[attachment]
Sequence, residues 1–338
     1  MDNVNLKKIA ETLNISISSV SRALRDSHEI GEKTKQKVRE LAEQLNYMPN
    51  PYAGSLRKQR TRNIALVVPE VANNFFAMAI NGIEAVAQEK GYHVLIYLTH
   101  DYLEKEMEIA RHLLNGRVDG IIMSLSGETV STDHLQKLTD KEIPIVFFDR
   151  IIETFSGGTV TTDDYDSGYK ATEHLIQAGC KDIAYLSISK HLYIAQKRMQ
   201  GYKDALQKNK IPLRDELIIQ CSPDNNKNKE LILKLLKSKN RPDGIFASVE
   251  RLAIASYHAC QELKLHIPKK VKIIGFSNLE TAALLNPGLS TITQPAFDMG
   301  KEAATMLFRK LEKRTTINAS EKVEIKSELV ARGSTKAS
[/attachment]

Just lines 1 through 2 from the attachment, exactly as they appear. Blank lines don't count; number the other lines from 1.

Sequence, residues 1–338
     1  MDNVNLKKIA ETLNISISSV SRALRDSHEI GEKTKQKVRE LAEQLNYMPN